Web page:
3. I don’t feel that there is equal power in my relationship/marriage, how can I level the ground?

In proportion and in comparison, notice that there is no distinction between the power of the supernal male and female, they are equal. One does not need to make oneself smaller to create great Light. So often in our relationships, we try to fix dysfunction by attempting to please the other person, but this always has a price and does nothing to affect and improve the health and unity of the relationship.

Putting energy into the relationship means setting aside our agenda and really opening ourselves to hearing our partner and respecting their path – while still retaining and honoring our own desires. When we stop trying to make ourselves smaller, we can create a powerful connection by communicating our wants, needs and desires.

Over time, communication breakdown can occur leaving us feeling misunderstood and disconnected from our partner.


4. My spouse and I are a great team in so many ways but when it comes to raising our kids, we are always at odds. How can we align?

Raising children is the most important work that a couple can do together, and also the most challenging. First, make sure that it truly is a philosophical difference and not a problem of a different nature that is manifesting onto how you’re raising your kids. Children are not a battleground for hashing out your relational issues. Once you get clear that the conflict is coming from differing beliefs, check in to see if there are ways that you can effectively blend them. Even if you have different opinions, if you are open to one another, you can see each other’s perspective and join together to make the best decision for children and your family. If there is no ego involved we can learn so much from one another and parenting is such a great opportunity for that, because both parents are coming together from a place  No matter the answer, always remember that these discussions should never take place in front of your kids, no matter their age. Any child-rearing philosophy encourages the nurture and support of each parent’s relationship with the children and these types of arguments can be extremely detrimental in that way. Save your conversations for a time that you can freely speak to each other when you are the only audience.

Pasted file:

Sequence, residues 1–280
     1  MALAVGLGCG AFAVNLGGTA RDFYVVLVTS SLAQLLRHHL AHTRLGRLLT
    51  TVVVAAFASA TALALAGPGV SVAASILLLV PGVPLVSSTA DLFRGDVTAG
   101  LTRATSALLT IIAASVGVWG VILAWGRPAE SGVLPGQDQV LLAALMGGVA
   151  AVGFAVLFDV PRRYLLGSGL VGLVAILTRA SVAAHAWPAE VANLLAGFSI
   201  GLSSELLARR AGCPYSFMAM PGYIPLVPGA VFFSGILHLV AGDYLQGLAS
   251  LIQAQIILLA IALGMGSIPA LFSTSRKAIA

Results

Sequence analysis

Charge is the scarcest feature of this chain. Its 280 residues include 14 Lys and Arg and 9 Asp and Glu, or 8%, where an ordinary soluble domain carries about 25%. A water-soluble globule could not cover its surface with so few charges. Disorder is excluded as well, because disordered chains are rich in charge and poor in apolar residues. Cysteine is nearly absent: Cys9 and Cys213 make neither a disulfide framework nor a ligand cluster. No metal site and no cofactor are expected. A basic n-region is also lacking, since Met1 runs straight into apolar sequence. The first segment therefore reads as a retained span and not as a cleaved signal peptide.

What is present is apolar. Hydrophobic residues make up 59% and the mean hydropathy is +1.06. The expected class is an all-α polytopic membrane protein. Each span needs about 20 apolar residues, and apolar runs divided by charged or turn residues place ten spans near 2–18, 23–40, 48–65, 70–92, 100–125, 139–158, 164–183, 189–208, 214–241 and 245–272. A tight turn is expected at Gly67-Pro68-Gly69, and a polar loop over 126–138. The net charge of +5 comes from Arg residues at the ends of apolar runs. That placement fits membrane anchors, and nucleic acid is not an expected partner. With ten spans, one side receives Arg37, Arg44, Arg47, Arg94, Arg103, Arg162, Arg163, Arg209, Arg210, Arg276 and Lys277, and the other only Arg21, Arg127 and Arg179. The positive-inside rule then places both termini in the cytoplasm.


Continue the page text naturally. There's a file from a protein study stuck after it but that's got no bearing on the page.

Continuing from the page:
For those of you yet to bring children into your marriage, having a conversation about their spiritual upbringing beforehand is imperative. It is important that you and your spouse agree on what type of upbringing you envision for your children and that those ideals align. You want to create the safest, most loving environment for your children and your family.


Thought to Action

Appreciation is paramount. Tell your mate something that you love and appreciate about them every day for a week. After a week, you won’t want to stop.